The neurexins are a trigenic family of proteins that function as cell adhesion molecules and play a key role in synaptic formation and maintenance (8,9). The three genes, NRXN1 (2q16.3), NRXN2 (11q13.2) and NRXN3 (11q13.2), produce both long α-neurexins and a truncated β-neurexins, which are regulated independently by their own promoters and are all predominantly expressed in neurons (10,11). Interestingly, neurexins undergo extensive alternative splicing, generating a great diversity of more than 2000 potential isoforms (10,11). These different isoforms of neurexins may display differential abilities to bind their extracellular ligands in the brain, which include neuroligins, neurexophilins and dystroglycans (8,9). First identified as receptors for the spider venom component α-latrotoxin to mediate neurotransmitter release (12), neurexins are becoming more appreciated for their functional significance in binding to neuroligins to create a key link in synapse formation and maintenance (8,9).
A recent high-density genome-wide association study revealed that NRXN1 is significantly associated with ND in a European sample (13). Additionally, another neurexin gene, NRXN3, was found to be associated with polysubstance (14). Subsequently, it was reported that NRXN3 is significantly associated with alcohol dependence and that polymorphisms in NRXN3 might affect expression of NRXN3 isoforms (15). These association results, taken together with the intriguing role of neurexins in synaptic organization and cell–cell recognition, make neurexin genes strong candidates for further genetic study on ND.
In this study, using a family-based analysis, we analyze single nucleotide polymorphisms and haplotypes within NRXN1, with a primary goal of providing an independent replication of the association of NRXN1 with ND reported in a case–control-based genome-wide association study (13). Owing to the massive size (1.1 Mb) of the gene, 21 SNPs distributed throughout the gene including the three polymorphisms that were significantly associated with ND in previous report (13), mostly intronic, were analyzed. Association analysis was performed on an independent set of sample consisting of 2037 individuals from 602 nuclear families of either African-American (AA) or European-American (EA) ancestry, using three selected ND measures: smoking quantity (SQ), the heaviness of smoking index (HSI) and the Fagerström test for ND (FTND).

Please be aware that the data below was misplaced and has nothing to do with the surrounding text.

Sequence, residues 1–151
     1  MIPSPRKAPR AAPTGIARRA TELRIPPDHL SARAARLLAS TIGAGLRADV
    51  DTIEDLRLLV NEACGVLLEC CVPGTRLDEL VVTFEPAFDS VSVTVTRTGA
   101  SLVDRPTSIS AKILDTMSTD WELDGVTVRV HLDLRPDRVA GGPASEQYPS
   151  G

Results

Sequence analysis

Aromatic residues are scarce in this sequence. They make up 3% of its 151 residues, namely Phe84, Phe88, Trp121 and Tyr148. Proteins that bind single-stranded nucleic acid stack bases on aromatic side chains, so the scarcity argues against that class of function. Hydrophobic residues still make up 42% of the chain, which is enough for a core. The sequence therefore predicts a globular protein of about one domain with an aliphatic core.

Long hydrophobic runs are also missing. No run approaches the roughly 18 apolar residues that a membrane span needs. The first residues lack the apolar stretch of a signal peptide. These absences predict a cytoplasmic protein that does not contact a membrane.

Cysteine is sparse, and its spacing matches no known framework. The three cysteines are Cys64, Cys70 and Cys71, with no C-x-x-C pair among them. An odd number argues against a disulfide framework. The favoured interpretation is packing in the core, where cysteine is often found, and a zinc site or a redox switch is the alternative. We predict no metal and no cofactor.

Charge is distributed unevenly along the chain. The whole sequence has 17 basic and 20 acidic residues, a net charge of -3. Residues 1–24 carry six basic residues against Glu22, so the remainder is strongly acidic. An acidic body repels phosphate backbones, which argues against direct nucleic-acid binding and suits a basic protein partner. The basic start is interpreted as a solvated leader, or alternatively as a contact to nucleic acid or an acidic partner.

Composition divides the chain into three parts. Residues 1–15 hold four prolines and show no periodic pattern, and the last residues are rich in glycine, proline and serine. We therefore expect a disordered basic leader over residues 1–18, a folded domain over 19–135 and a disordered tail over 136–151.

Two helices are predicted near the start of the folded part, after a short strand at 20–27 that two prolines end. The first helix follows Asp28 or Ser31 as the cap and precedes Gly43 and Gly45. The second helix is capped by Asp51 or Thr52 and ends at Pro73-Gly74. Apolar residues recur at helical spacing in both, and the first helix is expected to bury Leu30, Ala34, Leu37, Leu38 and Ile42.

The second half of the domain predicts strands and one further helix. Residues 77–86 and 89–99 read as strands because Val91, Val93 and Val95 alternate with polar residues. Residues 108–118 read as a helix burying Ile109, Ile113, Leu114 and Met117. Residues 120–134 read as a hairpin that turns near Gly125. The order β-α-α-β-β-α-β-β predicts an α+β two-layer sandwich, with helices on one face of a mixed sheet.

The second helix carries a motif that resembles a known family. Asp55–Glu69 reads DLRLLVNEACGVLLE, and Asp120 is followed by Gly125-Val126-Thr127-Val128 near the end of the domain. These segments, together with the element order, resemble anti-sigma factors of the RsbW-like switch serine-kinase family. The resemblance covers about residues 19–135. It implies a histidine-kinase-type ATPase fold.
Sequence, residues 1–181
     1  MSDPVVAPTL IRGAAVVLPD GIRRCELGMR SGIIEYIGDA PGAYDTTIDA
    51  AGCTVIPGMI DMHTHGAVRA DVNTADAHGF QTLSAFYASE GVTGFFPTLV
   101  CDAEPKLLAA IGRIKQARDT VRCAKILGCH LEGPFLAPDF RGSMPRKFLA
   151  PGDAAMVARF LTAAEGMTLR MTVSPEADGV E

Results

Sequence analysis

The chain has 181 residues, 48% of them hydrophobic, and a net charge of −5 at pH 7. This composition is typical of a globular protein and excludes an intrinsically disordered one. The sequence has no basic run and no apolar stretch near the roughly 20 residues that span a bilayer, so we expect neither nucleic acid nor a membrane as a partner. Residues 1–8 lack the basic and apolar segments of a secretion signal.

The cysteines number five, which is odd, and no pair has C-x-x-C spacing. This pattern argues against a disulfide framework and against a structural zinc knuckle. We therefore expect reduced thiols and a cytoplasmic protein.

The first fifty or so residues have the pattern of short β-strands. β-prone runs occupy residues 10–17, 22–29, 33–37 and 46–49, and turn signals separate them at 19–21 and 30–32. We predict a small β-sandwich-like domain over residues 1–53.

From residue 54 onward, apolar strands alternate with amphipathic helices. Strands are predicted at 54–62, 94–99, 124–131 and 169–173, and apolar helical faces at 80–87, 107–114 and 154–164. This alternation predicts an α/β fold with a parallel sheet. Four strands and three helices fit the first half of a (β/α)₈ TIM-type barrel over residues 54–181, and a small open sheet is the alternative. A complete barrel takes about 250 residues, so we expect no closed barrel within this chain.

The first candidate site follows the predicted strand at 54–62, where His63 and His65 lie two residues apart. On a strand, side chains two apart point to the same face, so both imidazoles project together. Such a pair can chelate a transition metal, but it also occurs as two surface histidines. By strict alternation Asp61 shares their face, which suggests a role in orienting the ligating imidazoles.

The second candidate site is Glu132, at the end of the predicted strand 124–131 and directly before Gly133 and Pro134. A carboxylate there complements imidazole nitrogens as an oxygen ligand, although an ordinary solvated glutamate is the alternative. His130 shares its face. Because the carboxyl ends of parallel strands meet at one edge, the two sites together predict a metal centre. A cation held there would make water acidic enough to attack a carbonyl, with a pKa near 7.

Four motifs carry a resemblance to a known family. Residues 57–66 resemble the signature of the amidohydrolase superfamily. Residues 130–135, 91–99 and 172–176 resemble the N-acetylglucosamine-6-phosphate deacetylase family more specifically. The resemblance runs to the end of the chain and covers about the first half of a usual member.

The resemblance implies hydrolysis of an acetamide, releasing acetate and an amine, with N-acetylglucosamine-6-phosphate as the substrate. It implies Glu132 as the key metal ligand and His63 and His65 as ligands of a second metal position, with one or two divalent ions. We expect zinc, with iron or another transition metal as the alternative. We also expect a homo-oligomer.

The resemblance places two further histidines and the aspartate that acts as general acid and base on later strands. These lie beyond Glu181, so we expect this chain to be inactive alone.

It has been documented that ethnic-specific characteristics of SNPs exist among ethnic groups (16,17) and genetic differences underlying nicotine metabolism exist between different ethnic populations (18). These characteristics and differences are highlighted in this study, as significant asymmetry is seen for individual association patterns in SNPs when comparing the AA and EA samples. Examining differences between the two samples also revealed significant intersample variation in allele frequencies for several SNPs (Table 1). Therefore, all statistical analyses were performed separately on AA and EA samples to eliminate this potential source of heterogeneity. Data for the pooled sample are also given with the aim of illustrating the effect of merging the two datasets; we would expect association signals to become more strongly positive when findings in the different populations are combined, implying that our observed effect of them opposing each other reflects the effect of the same underlying functional variant.